Due to the complexity of the planning process, it is highly advised to enlist the assistance of a professional forester in the development of a forest management plan. However, there is no requirement that the plan be completed by a professional forester.

Does the professional forester have to be certified or registered?

No, the State of Tennessee does not have a certified or registered forester program. 

Does the Tennessee Division of Forestry complete forest management plans?

No, the Tennessee Division of Forestry does not complete forest management plans for greenbelt purposes. The Division of Forestry does maintain a directory of consulting foresters who may provide this service.   

How much will it cost to have a professional forester complete the forest management plan?

Contact your local consulting forester for more information about fees.

On October 31, 2018, the State Board of Equalization approved the following Forest Management Plan template:

Acreage limit for owners of greenbelt land (Tenn. Code Ann. § 67-5-1003(3))

The law provides that no person may place more than 1,500 acres under greenbelt within any one taxing jurisdiction. The 1,500-acre limit does not apply to an agricultural classification that an owner obtained before July 1, 1984. Tenn. Code Ann. § 67-5-1008(g) does remove, however, any forest or open-space land in excess of the 1,500-acre limit obtained before July 1, 1984.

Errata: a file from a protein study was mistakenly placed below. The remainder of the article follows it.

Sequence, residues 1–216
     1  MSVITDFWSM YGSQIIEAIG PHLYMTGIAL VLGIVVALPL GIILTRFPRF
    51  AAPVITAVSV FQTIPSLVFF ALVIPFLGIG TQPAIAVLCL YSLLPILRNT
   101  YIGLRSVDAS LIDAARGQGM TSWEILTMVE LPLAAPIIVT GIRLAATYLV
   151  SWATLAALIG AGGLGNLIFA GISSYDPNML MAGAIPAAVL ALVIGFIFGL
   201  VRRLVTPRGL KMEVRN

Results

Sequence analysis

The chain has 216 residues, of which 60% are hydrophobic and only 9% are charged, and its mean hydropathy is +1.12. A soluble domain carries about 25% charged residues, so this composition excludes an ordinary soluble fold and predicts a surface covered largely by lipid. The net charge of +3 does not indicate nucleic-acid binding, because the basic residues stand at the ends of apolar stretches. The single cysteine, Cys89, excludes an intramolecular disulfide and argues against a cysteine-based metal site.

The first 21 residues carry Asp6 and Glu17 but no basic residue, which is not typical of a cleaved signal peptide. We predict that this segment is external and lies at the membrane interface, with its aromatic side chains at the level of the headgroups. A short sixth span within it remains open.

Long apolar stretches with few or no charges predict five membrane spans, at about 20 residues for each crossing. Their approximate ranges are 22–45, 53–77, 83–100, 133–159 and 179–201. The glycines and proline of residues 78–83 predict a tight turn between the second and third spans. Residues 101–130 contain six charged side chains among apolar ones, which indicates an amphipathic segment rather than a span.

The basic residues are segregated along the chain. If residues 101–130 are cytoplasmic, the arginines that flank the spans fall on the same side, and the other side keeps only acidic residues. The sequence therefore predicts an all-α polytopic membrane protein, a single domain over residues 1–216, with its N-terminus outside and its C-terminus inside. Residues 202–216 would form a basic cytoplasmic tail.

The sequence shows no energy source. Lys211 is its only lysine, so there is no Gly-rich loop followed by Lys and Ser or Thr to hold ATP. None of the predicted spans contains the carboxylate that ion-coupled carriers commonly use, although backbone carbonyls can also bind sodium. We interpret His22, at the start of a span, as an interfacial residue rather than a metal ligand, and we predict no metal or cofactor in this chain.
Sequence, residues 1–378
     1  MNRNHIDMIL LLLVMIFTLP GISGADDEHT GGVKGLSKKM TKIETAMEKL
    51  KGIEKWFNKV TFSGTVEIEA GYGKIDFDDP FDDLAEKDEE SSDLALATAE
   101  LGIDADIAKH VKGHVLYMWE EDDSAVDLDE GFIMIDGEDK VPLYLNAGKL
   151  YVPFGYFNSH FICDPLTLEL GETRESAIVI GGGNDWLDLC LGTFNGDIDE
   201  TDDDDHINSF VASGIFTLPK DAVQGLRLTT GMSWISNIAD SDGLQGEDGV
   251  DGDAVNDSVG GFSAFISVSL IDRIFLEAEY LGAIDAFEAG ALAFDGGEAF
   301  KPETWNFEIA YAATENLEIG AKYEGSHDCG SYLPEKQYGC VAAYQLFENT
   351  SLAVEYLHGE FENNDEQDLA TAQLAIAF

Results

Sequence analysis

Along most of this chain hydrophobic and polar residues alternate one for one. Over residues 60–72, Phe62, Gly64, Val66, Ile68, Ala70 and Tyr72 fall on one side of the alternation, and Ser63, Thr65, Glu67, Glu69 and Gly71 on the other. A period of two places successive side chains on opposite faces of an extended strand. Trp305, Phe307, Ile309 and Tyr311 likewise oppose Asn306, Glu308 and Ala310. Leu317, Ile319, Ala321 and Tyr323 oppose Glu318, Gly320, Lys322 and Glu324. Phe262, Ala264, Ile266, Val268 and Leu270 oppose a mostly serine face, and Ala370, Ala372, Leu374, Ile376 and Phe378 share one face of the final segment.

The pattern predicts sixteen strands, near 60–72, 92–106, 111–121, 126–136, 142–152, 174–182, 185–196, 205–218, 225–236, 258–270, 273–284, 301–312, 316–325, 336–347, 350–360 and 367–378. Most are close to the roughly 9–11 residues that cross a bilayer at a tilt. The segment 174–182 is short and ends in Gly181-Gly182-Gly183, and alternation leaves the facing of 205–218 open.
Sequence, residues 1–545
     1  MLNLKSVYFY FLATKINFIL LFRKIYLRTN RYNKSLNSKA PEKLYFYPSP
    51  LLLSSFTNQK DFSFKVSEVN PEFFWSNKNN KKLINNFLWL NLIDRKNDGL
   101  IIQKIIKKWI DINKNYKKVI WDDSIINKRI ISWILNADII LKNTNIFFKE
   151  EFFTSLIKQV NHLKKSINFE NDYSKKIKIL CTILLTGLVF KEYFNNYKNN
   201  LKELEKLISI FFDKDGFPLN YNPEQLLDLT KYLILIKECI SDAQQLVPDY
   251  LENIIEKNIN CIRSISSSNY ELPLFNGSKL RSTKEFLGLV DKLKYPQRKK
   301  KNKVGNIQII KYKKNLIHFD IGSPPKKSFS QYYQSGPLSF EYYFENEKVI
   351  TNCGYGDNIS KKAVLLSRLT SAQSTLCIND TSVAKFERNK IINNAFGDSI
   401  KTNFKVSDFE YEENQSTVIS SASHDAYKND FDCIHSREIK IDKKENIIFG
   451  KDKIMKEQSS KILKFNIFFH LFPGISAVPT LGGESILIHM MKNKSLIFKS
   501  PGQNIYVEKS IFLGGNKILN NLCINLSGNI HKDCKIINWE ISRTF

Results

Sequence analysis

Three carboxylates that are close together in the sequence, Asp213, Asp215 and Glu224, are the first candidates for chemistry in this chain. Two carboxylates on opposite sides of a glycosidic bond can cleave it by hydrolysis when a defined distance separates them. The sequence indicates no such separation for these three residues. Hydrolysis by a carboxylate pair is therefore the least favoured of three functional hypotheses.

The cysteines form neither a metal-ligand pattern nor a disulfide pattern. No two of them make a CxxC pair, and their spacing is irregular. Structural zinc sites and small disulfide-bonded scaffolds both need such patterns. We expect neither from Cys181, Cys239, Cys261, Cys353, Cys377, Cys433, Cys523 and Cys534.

Artificial entities-such as partnerships, corporations, LLCs, trusts, or other legal entities-are also subject to the 1,500-acre limit.

Tenn. Code Ann. § 67-5-1003(3) sets forth the method for attributing acres to individuals and artificial entities and their owners.

Land owned by a person who is at the 1,500-acre limit (Tenn. Code Ann. § 67-5-1003(3))

Once an owner qualifies 1,500 acres for preferential treatment, that owner cannot qualify any additional acreage for preferential treatment.

What are rollback taxes? (Tenn. Code Ann. §§ 67-5-1004(12), 1008(d)(1))

Rollback taxes are the amount of taxes saved over a certain period of time that the land qualified as agricultural, forest, or open space. These taxes are not a penalty; they are a recapture of the amount of taxes saved.

How is the amount of rollback taxes calculated? (Tenn. Code Ann. § 1008(d)(1))

They are calculated by the difference between the use value and market value assessments. For agricultural and forest land, rollback taxes are calculated each year for the preceding three years. For open space land, they are calculated each year for the preceding five years.

Who calculates the amount of rollback taxes? (Tenn. Code Ann. § 67-5-1008(d)(1))

The assessor of property must calculate rollback taxes.

What is the delinquency date for rollback taxes? (Tenn. Code Ann. § 67-5-1008(d)(3))

Rollback taxes are payable from the date written notice is sent by the assessor and become delinquent on March 1 of the following year.

Additional information about rollback taxes may be found in the Greenbelt Manual

Greenbelt Manual

The purpose of this manual is to provide information about the Agricultural, Forest and Open Space Land Act of 1976 (the “Act”)—the law is commonly known as “greenbelt.”  This manual will discuss:

  • the agricultural, forest and open space classifications;
  • the process of applying for a classification;
  • assessment of rollback taxes; and
  • the appeals process. 

It is anticipated that the manual can be useful to taxpayers, county and city officials, and persons with a general interest in greenbelt.


SBOE Greenbelt Manual